'Slap on wrist' for fire angers store owner

By Imran Ali of the Northern Advocate

Jordan Pearce has escaped a jail sentence after starting a fire that caused half a million dollars in damage to a Whangarei store. Photo / Northern Advocate
Jordan Pearce has escaped a jail sentence after starting a fire that caused half a million dollars in damage to a Whangarei store. Photo / Northern Advocate

A non-custodial sentence for an arsonist who was bored and torched a Whangarei store, causing more than $500,000 damage, has been branded ridiculous by the store owner.

Arthur Brasting, owner of Arthur's Emporium, lashed out after learning that Jordan Samuel Pearce, 20, was sentenced to 10 months' home detention and ordered to pay $1500 reparation by the Whangarei District Court last week.

The fire, lit three days before Christmas last year, caused $350,000 damage to the building and a further $200,000 worth of goods were destroyed.

Judge John McDonald said he took into account Pearce's age, the fact he was now employed and said jail would not make him a better person.

Pearce had told police he lit the fire because he was bored.

Mr Brasting said the court's decision was a slap on the wrist for Pearce.

"He got a pat on the wrist. He'll have his mates around while on home detention ... that's no punishment at all," he said.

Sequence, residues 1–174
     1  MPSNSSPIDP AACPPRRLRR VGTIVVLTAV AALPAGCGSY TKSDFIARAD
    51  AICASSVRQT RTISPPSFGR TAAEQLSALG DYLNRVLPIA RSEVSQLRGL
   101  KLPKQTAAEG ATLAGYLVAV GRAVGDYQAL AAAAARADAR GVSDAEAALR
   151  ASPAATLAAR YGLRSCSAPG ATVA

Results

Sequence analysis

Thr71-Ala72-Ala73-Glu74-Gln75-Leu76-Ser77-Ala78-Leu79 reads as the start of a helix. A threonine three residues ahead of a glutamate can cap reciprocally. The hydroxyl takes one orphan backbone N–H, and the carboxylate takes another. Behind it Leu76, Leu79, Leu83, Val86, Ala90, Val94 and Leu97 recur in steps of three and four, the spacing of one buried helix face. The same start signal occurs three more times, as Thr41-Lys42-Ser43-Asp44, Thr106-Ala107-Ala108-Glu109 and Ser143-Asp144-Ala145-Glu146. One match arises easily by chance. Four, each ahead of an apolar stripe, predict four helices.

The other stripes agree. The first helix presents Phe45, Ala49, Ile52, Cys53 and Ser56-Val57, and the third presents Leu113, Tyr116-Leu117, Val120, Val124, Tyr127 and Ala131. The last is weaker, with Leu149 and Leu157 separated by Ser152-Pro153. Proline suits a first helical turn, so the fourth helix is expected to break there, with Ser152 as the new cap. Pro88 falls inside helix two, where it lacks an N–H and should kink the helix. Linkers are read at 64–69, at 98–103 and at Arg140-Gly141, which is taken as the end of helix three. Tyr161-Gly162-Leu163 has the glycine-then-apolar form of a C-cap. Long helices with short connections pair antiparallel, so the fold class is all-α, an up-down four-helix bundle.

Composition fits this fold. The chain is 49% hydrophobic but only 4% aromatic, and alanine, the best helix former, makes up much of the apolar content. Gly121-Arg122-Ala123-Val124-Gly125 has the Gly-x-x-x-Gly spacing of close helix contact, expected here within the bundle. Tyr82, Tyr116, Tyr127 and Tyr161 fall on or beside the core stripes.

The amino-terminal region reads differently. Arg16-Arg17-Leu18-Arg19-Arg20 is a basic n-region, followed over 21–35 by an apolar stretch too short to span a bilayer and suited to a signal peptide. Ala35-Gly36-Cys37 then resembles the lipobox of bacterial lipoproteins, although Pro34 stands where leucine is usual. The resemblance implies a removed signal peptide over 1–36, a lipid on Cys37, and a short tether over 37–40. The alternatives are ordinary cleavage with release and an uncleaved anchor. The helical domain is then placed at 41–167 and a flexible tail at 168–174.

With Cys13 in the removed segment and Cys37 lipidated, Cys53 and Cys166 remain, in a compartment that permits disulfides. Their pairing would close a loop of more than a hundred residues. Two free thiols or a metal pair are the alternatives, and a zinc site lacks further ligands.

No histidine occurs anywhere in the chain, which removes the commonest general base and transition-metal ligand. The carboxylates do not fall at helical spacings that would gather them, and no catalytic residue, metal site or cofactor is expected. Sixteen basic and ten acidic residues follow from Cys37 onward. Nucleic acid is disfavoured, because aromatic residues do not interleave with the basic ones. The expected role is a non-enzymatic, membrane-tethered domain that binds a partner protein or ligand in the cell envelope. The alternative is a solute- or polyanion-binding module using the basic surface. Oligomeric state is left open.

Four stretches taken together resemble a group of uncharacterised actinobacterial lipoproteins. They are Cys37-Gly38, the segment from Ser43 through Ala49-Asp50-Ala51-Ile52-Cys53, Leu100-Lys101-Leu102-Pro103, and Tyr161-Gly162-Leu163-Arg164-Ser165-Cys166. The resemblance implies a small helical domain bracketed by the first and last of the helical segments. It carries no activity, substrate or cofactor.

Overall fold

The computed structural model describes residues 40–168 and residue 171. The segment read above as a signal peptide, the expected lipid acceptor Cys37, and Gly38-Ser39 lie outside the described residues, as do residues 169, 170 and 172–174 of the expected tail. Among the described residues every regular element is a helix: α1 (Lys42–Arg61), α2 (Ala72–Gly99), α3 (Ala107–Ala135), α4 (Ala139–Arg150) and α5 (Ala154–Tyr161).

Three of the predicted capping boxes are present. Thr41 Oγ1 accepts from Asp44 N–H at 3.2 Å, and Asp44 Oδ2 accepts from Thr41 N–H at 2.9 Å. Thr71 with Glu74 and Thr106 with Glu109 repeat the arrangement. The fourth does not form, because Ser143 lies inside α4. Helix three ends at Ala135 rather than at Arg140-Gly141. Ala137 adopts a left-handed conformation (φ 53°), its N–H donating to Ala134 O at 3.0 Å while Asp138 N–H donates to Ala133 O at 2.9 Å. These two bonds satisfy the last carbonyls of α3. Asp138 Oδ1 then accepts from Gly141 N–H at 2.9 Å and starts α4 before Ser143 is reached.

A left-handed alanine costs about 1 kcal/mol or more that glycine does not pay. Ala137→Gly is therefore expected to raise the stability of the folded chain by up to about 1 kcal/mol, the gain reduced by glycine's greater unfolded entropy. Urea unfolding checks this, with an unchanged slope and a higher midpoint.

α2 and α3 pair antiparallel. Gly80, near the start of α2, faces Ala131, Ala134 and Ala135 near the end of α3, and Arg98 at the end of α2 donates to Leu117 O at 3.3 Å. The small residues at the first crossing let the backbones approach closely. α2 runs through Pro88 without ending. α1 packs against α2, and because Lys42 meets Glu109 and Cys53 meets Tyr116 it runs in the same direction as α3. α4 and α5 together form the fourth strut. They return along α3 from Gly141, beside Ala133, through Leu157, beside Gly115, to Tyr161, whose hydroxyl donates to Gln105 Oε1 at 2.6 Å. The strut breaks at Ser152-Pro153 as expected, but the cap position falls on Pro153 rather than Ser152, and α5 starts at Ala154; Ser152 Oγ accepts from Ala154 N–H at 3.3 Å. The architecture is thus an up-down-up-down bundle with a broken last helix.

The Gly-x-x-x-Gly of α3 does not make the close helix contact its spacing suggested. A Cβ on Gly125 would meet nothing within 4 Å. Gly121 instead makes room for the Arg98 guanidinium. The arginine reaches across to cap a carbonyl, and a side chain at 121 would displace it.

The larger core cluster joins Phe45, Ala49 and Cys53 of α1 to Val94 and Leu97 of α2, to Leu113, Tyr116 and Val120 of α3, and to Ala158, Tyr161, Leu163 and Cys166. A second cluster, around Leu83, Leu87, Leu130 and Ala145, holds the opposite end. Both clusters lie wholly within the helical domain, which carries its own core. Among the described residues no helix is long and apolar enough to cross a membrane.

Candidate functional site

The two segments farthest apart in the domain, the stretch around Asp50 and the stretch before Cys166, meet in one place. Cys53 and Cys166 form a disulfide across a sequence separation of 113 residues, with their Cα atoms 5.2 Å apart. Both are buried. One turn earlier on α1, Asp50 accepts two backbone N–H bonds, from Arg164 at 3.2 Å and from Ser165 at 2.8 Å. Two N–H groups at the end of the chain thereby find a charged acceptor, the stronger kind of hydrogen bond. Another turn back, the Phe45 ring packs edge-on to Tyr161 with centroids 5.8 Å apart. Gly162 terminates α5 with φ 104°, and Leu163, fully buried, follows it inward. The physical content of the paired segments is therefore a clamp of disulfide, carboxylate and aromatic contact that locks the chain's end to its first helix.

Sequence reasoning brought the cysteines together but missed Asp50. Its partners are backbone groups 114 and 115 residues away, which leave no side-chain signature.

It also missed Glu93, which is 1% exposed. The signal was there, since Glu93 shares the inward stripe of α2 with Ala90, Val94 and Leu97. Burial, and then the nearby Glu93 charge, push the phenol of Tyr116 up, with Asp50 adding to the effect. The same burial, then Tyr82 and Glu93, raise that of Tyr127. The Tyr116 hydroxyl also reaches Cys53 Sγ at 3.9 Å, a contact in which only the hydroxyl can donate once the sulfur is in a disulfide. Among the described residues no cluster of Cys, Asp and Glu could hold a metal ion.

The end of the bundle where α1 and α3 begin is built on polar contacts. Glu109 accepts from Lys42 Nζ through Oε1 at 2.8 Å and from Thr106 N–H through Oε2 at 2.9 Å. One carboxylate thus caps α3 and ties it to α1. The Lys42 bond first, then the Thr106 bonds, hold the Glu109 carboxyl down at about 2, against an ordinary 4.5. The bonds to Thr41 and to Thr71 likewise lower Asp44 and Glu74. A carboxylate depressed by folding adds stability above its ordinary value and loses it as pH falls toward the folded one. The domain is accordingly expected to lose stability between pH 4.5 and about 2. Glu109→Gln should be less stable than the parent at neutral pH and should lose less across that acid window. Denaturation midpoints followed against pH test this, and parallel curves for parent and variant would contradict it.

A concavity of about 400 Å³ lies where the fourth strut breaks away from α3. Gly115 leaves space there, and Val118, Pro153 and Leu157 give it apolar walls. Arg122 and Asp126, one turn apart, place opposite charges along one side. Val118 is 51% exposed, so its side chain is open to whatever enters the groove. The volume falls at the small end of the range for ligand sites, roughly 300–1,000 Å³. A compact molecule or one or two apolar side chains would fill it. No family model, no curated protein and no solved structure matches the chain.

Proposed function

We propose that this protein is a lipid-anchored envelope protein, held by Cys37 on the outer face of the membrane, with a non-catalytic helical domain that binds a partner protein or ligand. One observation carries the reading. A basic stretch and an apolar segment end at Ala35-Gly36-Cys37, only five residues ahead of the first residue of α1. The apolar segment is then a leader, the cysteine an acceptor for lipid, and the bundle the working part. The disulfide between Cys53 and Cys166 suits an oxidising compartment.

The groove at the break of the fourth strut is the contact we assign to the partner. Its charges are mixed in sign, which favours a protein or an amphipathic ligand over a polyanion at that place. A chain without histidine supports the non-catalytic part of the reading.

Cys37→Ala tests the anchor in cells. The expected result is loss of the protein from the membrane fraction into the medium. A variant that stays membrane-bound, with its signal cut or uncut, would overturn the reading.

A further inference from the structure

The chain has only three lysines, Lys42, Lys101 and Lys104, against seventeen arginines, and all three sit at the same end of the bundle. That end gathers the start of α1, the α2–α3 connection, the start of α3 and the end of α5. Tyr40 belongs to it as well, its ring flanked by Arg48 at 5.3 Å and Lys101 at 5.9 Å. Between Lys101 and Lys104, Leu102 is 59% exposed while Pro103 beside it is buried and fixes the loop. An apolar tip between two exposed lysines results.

"I thought they'd put him inside for a couple of years.

"He's [Pearce] never helped himself. What we need to do is to remove him from society," Mr Brasting said.

Nine months after the fire, he was still cleaning up and repairing the building.

In court Judge McDonald said Pearce and three female friends were travelling around central Whangarei on December 22, 2010, when they stopped in Albert St about 11.40pm.

Pearce had walked across the road to a cardboard recycling bin and lit some paper using a cigarette lighter before running back to the car.

The fire had engulfed the bin, exterior wall, and a ceiling before spreading inside the store.

Judge McDonald said the only explanation Pearce gave for his actions was that he was bored.

"There's no suggestion you had anything against the owners.

"It was a stupid piece of bravado on your part," the judge said.

He said the owners had suffered financial loss, stress and were angry.

Judge McDonald said arson was a serious offence and had the potential to put lives at risk.

- APNZ

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